2 non-cyclical stocks to avoid recession worries

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Stock market bull and bear

With housing prices and major equity indices approaching record highs, the more cynical investors among us are probably already girding themselves for the inevitable downturn to follow. But, instead of traditional defensive shares such as consumer goods companies or utilities, could financials Experian (LSE: EXPN) and Provident Financial (LSE: PFG) be the best non-cyclical stocks out there?

The key to Experian's ability to grow throughout the business cycle is its core operation of providing credit checks on consumers seeking mortgages, credit cards and any other form of lending. With records on some 900m consumers and over 100m businesses, Experian is one of the world's largest credit bureaux. As we see in the below table, this scale means steady revenue growth even during the deepest of economic downturns.

 

Organic Revenue Growth y/y (%)

Continuing EBIT growth y/y (%)

2008

3

8

2009

3

8

2010

2

 

The business of providing credit checks is necessary even during recessions and involves vast moats to entry for competitors, so Experian's ability to repeat this success during future crises is fairly certain. We've seen this in action over the past few years as its Brazilian business, one of its three main markets, has grown steadily on a constant currency basis despite that country's deep recession.  

While Brazil has been a drag on profits once Reals are converted into US Dollars, the increasingly wealthy country still holds huge long term potential. Other growth opportunities include the data analytics business, which takes advantage of Experian's ability to sort through and find uses for massive amounts of data and sells this experience to an array of businesses. With shares trading at a reasonable 15 times full year EBITDA, I believe Experian is one of the most attractive non-cyclical shares to be found.

Sub prime

When the economy tanks and regular lenders such as high street banks begin bleeding red ink, sub prime lenders such as Provident Financial reap the rewards of consumers turning to door-to-door lending and other high interest forms of credit to pay the bills. This counter-cyclical business model proved valuable during the Financial Crisis as Provident performed well throughout the worst of the downturn.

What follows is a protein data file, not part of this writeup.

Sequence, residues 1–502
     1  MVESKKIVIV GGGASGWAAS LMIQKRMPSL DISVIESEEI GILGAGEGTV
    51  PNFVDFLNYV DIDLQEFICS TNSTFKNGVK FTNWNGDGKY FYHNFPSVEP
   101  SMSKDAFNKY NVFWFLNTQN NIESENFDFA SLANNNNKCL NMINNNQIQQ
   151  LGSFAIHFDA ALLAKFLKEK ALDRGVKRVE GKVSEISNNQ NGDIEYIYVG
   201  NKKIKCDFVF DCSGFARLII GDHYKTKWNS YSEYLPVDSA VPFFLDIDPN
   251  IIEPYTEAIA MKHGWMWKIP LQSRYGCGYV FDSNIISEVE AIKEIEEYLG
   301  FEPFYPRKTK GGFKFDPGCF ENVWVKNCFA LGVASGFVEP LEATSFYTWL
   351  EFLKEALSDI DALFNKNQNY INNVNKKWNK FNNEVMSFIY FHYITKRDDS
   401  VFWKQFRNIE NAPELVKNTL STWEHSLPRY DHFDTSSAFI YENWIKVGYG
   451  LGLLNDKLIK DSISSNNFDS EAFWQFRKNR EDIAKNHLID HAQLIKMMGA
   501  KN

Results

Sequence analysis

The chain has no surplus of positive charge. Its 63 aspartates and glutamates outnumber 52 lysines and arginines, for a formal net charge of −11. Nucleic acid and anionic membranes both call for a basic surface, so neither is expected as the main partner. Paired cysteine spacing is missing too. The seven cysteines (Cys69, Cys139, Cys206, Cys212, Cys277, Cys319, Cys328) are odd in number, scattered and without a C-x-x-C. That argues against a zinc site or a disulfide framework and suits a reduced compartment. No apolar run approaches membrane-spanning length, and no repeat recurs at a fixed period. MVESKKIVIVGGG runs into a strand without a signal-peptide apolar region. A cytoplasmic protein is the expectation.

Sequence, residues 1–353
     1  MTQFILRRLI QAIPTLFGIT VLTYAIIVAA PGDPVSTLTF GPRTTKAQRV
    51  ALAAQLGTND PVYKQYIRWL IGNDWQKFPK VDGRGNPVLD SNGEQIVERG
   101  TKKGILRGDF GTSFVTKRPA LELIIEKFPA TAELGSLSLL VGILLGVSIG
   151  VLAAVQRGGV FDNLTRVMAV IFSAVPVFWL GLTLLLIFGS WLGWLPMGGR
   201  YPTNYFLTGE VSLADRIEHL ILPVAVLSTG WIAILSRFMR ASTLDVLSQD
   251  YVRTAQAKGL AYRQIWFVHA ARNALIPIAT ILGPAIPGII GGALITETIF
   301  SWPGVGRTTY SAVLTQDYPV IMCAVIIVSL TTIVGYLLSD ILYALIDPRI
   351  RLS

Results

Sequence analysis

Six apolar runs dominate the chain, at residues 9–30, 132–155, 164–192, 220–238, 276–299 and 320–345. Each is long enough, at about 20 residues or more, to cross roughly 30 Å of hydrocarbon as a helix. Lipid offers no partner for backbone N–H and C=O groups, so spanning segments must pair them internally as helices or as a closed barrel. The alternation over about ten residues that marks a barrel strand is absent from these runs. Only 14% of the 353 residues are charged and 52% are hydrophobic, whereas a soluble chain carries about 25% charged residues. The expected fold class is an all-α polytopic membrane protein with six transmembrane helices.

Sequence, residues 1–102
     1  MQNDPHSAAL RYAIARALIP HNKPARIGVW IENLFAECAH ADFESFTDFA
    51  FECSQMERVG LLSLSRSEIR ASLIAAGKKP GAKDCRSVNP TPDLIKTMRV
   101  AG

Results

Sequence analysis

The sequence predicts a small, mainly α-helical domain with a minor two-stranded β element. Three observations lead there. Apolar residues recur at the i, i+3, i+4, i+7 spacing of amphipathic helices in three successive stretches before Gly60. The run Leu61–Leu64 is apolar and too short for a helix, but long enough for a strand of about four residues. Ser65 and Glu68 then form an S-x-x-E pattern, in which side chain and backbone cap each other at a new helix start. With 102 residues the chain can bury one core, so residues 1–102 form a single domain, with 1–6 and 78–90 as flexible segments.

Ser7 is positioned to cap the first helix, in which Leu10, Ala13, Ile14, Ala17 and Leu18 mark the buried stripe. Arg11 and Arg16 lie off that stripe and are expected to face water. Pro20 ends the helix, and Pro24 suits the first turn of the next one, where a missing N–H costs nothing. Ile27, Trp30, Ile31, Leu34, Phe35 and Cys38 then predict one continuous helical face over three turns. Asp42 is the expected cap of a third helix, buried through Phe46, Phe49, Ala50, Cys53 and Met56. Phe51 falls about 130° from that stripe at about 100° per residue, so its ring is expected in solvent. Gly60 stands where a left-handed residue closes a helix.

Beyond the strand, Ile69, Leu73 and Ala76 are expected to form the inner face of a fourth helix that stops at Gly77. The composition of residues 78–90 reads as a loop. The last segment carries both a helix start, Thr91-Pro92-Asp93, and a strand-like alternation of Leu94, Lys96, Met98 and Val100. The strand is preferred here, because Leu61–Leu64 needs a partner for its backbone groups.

Pre-tax profit growth y/y (%)

Return on Equity (%)

2008

11.8

46%

2009

(2)

45%

2010

12.9

46%


Provident thrives in good economic times as well as sub prime borrowers' confidence rises and they turn to Provident for car loans and credit cards to buy more goods. Since 2011 adjusted pre-tax profits have increased over 85% through organic growth and smart acquisitions, showcasing Provident's ability to grow throughout the business cycle.

And while other financial firms like banks are still struggling to pay sustained dividends, Provident shareholders have enjoyed a 74% jump in dividend payments over the past five years. Rising dividends are quite safe due to earnings that cover payouts 1.35 times and a well-managed balance sheet that has improved substantially since the crisis. With shares trading at 16 times forward earnings and analysts forecasting a 4.8% dividend yield for the year ahead, Provident is definitely at the top of my watch list.

But, if you prefer your defensives to be of the more traditional sort, I recommend reading the Motley Fool's free report, Five Shares To Retire On.

The wide moats to entry for competitors, incredible pricing power and reliable sales each of these five companies share have led them to handily outperform the FTSE 100 since the turn of the millennium. 

To discover them for yourself, simply follow this link for your free, no obligation copy of the report.

Ian Pierce has no position in any shares mentioned. The Motley Fool UK has no position in any of the shares mentioned. We Fools don't all hold the same opinions, but we all believe that considering a diverse range of insights makes us better investors.